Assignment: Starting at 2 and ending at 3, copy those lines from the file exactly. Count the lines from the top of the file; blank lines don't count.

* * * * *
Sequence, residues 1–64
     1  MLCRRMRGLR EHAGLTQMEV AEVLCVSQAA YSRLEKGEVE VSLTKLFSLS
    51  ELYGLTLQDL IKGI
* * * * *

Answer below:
     1  MLCRRMRGLR EHAGLTQMEV AEVLCVSQAA YSRLEKGEVE VSLTKLFSLS
    51  ELYGLTLQDL IKGI